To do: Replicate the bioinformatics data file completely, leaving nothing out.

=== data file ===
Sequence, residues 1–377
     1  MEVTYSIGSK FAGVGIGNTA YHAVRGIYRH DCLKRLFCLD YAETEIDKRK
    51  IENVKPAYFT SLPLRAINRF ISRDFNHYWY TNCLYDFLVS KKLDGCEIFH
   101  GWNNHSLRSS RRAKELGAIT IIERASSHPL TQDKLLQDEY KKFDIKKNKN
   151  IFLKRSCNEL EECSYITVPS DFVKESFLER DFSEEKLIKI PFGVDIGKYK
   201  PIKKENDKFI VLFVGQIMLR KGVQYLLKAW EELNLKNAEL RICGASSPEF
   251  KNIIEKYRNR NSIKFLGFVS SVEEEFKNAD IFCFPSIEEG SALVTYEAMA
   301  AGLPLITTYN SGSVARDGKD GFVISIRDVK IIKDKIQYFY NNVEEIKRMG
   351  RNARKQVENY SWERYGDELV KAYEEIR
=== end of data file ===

Sequence, residues 1–377
     1  MEVTYSIGSK FAGVGIGNTA YHAVRGIYRH DCLKRLFCLD YAETEIDKRK
    51  IENVKPAYFT SLPLRAINRF ISRDFNHYWY TNCLYDFLVS KKLDGCEIFH
   101  GWNNHSLRSS RRAKELGAIT IIERASSHPL TQDKLLQDEY KKFDIKKNKN
   151  IFLKRSCNEL EECSYITVPS DFVKESFLER DFSEEKLIKI PFGVDIGKYK
   201  PIKKENDKFI VLFVGQIMLR KGVQYLLKAW EELNLKNAEL RICGASSPEF
   251  KNIIEKYRNR NSIKFLGFVS SVEEEFKNAD IFCFPSIEEG SALVTYEAMA
   301  AGLPLITTYN SGSVARDGKD GFVISIRDVK IIKDKIQYFY NNVEEIKRMG
   351  RNARKQVENY SWERYGDELV KAYEEIR